I found this beautiful Butternut Yellow version of the 2017 Johnny Lightning Muscle Cars USA 1968 Chevy Impala recently at Toys R Us. I already have the Grotto Blue variation. Of the two, I’m having a hard time deciding which I prefer. How about you? The other two color versions in this series that I have yet to find are Seafrost Green and Rally Red.
I’ve always enjoyed the Johnny Lightning Project In Progress series because they remind me of some of the cars from my childhood. My Dad usually bought his cars new (or at least in good shape), but my older brothers were a different story. It was fairly common to see cars with missing trim, primered fenders, and mismatched wheels and tires parked in our driveway or in the street next to our yard.
In fact, the 1969 Impala I drove in high school might have been a good parts car for this 2017 Project in Progress 1969 Impala Convertible.
These next two date back to the mid-2000s RC2 era of Johnny Lightning. As you can see, JL has kept the look of the packaging from that time period.
Back in about 1991, I painted the grill and insides of the wheels on my ’73 Nova black. I thought it looked pretty cool at first, but it didn’t take long for the black paint to start flaking off of the chrome wheels. Here’s a photo taken while the paint was still fresh (and yes, those are zebra-striped seat covers on the front buckets.)
The point is, I’ve been a fan of the blacked-out look for some time, so I was happy when I found this Johnny Lightning Blacked Out 1968 Nova from the 2017 Street Freaks R3. This Set A variation wears gloss black paint and black wheels with chrome rings. The Nova in Blacked Out Set B – which I’m still on the lookout for – is an even more attractive flat black with redline tires.
I think this is the first JL third generation Nova that I’ve found since the 40 Years 1970 Nova came out in 2009. This is also the first JL 1968 Nova in my collection, although the casting appears to be identical to the 1969 and 1970.
Sometimes patience pays off. Or, in this case, waiting so long to find something that you forget that it’s out there. I found the Ice Age version of the Johnny Lightning 2016 Zingers! 1963 Chevy Nova way back in November of 2016. Almost a year later, I was surprised to find this Orange Rush Nova at Toys R Us.
Back in July, I showed a ’68 Impala from the Johnny Lightning 2017 Musclecars U.S.A. series. Just a few days later, I found these 2016 Musclecars U.S.A. models at Walmart. I find it interesting that in 2016 the series included a collector’s card and came sealed in a plastic clamshell, while the 2017 series uses a simpler blister card. Could this be a cost-cutting measure? Is our favorite on-again, off-again brand struggling once again?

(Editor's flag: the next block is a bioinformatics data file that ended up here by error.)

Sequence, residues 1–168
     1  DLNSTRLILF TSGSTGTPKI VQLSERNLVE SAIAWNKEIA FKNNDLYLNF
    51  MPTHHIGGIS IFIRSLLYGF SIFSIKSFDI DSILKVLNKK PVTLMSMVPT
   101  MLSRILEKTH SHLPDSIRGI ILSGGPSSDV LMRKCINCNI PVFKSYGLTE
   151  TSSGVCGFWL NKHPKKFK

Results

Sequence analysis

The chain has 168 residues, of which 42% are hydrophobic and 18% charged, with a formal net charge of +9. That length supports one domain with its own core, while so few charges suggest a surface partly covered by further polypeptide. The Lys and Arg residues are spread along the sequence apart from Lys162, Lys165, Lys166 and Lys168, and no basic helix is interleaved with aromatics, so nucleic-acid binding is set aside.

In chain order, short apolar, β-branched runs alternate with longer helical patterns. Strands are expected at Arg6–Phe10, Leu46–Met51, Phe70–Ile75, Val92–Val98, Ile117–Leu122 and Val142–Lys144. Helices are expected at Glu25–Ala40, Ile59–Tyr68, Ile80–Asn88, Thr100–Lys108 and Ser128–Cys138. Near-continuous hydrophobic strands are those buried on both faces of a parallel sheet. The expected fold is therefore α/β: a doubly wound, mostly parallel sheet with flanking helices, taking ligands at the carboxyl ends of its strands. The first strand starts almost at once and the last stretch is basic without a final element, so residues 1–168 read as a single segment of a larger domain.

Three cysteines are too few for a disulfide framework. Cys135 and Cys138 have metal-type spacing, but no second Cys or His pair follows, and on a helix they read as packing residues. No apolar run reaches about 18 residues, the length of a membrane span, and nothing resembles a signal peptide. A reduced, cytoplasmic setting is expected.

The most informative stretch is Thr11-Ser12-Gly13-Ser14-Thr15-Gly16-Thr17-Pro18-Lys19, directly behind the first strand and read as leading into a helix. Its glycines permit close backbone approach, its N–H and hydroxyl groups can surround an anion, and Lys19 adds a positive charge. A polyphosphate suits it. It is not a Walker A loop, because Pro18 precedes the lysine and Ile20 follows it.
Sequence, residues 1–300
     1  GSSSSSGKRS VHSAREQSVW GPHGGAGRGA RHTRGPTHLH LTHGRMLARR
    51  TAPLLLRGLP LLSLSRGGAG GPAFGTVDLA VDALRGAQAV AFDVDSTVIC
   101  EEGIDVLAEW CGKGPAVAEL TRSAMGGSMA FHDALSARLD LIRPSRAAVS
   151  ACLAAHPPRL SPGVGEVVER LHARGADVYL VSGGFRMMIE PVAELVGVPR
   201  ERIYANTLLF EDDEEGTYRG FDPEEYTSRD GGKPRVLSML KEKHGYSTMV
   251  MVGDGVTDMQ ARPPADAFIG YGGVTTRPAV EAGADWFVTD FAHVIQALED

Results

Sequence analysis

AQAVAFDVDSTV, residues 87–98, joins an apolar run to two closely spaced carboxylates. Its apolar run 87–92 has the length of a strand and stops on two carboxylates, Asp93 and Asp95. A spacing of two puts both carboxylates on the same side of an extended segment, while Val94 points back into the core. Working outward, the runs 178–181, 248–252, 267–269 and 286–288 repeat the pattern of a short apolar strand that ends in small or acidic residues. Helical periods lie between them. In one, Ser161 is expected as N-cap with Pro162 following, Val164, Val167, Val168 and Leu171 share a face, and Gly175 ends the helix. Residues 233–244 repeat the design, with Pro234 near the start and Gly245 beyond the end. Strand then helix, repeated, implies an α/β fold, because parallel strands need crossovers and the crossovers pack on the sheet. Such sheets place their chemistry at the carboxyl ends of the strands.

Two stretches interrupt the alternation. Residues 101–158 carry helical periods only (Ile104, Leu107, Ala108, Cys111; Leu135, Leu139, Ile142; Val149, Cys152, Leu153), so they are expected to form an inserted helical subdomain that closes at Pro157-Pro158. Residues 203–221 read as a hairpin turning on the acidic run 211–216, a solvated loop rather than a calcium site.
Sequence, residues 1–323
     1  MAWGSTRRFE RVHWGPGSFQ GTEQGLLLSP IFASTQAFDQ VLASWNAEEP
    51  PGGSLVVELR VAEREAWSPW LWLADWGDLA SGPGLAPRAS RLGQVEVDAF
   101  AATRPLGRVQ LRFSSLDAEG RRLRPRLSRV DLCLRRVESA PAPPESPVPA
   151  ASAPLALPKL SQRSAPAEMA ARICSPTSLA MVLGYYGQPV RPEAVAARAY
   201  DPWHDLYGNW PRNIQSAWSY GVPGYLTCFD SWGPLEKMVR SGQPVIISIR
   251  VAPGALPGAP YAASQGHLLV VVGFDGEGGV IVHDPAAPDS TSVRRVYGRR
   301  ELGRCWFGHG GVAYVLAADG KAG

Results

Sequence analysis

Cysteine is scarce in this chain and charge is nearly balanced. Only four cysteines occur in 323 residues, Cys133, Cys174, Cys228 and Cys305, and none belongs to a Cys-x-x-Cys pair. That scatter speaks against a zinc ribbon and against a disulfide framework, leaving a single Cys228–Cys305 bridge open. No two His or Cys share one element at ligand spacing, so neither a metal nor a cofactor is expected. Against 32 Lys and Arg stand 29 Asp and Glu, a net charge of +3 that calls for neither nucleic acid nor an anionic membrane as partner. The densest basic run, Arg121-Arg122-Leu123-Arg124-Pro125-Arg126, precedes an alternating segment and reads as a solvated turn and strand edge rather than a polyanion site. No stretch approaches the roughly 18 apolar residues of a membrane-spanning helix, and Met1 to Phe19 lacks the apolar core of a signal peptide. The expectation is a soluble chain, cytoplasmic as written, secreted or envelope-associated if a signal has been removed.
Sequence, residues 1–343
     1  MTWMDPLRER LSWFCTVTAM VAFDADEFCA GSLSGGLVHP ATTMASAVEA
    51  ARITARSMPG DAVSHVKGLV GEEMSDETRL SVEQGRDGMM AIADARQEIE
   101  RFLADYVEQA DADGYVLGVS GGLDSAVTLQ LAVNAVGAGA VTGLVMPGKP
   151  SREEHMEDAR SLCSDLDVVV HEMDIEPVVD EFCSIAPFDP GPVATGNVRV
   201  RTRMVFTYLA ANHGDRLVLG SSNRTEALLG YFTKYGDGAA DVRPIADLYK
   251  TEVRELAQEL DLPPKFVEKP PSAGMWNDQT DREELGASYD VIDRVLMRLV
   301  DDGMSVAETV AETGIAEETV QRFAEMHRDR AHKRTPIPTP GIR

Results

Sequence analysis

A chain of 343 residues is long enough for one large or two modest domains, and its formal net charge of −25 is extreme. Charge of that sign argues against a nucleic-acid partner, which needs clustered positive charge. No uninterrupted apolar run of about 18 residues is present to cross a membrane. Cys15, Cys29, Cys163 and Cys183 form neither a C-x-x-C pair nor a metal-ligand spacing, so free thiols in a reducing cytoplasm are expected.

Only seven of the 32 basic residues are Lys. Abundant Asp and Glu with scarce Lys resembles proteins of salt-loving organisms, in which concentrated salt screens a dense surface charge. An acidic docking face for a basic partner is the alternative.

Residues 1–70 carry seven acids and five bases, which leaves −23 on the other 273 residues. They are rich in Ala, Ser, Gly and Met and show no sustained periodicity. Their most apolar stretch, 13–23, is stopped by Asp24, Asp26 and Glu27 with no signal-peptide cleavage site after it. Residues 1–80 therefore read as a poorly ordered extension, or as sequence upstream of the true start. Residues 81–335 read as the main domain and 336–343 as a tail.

I have to say, I’m just speculating. During the RC2 era, packaging seemed to vary depending on the series. And personally, I prefer the simpler blister cards to these plastic encasements – even though, as a collector, I should probably prefer them for the protection they offer.
Another interesting note is that these two packages have a red sticker over the top of the blue bug that says “Exclusively at Walmart”. Apparently, whatever exclusive deal JL had with Walmart has expired.
Regardless of the packaging, I really like the cars inside them. The paint on this ’67 Chevy Nova SS is similar to the green gold metallic of the ’73 Nova that was my first car.
I love the wheels on this 1968 Chevy Impala.
The packaging for the 2017 Muscle Cars U.S.A. series from Johnny Lightning features vintage ad photos and color chips for the factory-matched paint. Cars in the series include two versions each of a 1970 Ford Torino GT, 1969 Dodge ChargerR/T, 1970 Chevy Camaro Z28, 1970 Olds Cutlass S W-31, 1969 AMC AMX and this sweet, Grotto blue 1968 Chevy Impala Convertible.
I added several Johnny Lightning Zingers to my collection during the RC2-era. But I never thought much about where Zingers originated until I came across this ad in a 1970s comic book.
According to a 2005 article in Hot Rod, Zingers originated in 1971 when MPC created a line of plastic model kits which featured vehicles with huge blown engines and enormously oversized rear wheels. The article suggests Muscle Machines diecast cars were inspired by Zingers, and that may be true. But by 2005, I suspect RC2 bought the rights to the Zingers name from MPC, since Johnny Lightning was already releasing Zingers in their Street Freaks line. (RC2 – now Round 2 -fully revived the MPC brand in 2008 and purchased MPC’s tooling in 2012.)
When I saw that Johnny Lightning was bringing back the Zingers last year, I spent months searching for the 1963 Nova. Finally, on a Thanksgiving trip to Shreveport, I found one in a Target store. It might have been left behind by other collectors because of the creased blister card, but that didn’t stop me from claiming it. In addition to my beautiful blue “Ice Age,” there is also an orange version called “Orange Rush”.
The 2006 1959 Chevy Impala is the only RC2-era Zingers that I have still on the blister card.
The next three Zingers I have – three generations of Nova body styles – were all freed from their original packaging.
And finally, this Johnny Lightning Collector Club Exclusive from 2006 isn’t in Zingers packaging, but it sure looks like a Zinger to me.